Star Trek: The Next Generation/Doctor Who:Assimilation
Written by Scott and David Lipton with Tony Lee
Illustrated by J K Woodward
Published by IDW
Issue 8 of this monthly crossover release from IDW sees the conclusion of the Borg/Cyberman pact storyline. As such, it seems a good time to review the series.
It would be fair to say that Assimilation’s sum is rather less than its parts. Both Star Trek: TNG and Doctor Who have their own well established comic book universes, yet this series rarely tapped the drama and wonder of either. The storyline, dealing with the convergence of the Borg and Cybermen in a joint threat to the Federation, started well with plenty of action in issue 1, but once the Doctor, Amy and Rory entered the tale, the plot quickly slowed into too many scenes of show and tell.
For example, in one issue, we get a time-hopping sequence of the Doctor showing Picard the possible futures if he doesn’t offer help to the Borg. Then, in another issue, the Doctor uses the same ruse to persuade a planet to donate its valuable gold to the cause. Talk, talk, talk, and the chosen illustration style of photorealistic panels quickly recalls the photo stories of 70s girl’s comics. Surely not the style that IDW meant to evoke?
This is a series of massively missed opportunities. The Borg and Cybermen are hardly the most exciting adversaries in their respective franchises, and ironically the similarities that make their pact so likely in this story remove any real interest in the reader, once they’ve enjoyed a few mash up splash pages. The story’s climax even manages to make the battle of Wolf 359 seem incredibly pedestrian, an astonishing achievement by all concerned.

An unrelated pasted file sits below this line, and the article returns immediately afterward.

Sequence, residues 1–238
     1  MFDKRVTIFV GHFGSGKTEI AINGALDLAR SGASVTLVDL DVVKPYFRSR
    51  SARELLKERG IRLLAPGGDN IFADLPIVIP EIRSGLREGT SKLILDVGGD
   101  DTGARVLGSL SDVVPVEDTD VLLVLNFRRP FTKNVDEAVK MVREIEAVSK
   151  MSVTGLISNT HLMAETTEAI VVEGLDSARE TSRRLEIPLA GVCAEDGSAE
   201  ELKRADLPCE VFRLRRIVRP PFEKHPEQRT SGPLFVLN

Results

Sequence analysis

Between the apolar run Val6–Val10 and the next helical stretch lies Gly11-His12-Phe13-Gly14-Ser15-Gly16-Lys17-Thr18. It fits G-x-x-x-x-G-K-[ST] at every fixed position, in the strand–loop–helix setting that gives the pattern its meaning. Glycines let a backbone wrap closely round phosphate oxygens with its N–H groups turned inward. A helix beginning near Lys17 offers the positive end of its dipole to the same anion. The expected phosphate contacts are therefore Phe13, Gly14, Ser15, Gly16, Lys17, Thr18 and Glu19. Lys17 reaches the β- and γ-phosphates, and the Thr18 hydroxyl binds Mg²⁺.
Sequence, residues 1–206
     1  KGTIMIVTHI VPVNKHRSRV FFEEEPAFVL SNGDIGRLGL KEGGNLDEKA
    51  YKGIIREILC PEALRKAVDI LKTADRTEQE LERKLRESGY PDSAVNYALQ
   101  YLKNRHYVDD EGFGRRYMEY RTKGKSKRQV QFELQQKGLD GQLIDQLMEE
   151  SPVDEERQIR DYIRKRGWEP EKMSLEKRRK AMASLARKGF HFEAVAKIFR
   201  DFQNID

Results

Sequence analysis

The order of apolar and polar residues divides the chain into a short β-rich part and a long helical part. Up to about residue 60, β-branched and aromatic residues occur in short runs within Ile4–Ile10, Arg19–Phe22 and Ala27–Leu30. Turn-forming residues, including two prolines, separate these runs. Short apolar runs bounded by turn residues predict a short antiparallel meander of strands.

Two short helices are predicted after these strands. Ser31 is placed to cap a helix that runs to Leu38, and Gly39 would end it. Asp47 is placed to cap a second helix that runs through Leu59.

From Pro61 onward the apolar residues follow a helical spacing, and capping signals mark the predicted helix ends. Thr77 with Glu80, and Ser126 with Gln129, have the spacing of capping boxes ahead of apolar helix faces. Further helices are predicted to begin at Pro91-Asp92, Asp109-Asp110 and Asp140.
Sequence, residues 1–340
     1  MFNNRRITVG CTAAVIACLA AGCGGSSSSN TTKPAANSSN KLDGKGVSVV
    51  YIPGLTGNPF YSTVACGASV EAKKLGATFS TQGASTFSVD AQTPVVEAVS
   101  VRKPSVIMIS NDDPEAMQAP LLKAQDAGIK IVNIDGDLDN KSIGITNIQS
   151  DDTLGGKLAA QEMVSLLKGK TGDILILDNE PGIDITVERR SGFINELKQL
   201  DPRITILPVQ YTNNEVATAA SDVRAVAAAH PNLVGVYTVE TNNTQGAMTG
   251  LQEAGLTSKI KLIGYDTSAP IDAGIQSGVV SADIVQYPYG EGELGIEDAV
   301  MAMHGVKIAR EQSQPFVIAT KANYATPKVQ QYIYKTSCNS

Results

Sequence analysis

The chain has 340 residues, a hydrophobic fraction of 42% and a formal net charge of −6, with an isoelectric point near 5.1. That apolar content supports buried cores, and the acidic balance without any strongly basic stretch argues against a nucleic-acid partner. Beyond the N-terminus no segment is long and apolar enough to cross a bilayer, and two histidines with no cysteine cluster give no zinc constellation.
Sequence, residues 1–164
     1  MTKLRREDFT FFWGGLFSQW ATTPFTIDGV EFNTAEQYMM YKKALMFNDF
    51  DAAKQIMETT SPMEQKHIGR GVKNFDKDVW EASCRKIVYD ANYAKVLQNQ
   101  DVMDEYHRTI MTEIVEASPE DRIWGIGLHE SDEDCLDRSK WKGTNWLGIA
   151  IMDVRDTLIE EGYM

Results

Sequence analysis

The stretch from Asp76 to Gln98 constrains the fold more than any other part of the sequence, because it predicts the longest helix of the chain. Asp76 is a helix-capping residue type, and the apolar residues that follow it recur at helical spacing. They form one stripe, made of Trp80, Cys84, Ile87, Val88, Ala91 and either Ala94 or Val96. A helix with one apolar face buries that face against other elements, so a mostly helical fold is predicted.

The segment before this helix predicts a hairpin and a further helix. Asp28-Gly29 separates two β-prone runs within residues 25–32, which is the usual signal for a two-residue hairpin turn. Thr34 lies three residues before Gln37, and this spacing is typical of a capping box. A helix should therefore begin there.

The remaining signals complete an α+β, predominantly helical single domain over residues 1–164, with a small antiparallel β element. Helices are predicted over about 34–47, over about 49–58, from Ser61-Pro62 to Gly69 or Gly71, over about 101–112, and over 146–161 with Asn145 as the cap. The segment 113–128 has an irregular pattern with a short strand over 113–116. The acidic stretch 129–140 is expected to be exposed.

For me, the best issue in the series was the third, which related an earlier encounter between the Fourth Doctor and Kirk. With a beautiful 70’s comic book style, action and humour, this was everything the main tale should have been. For the most part Assimilation feels like a failed experiment, and it remains to be seen if sales figures will demand a return. If so, I’d like to see a less reverent approach to the material, that might even appeal to the casual reader. Both the Doctor and the crew of the Enterprise deserve something better than this.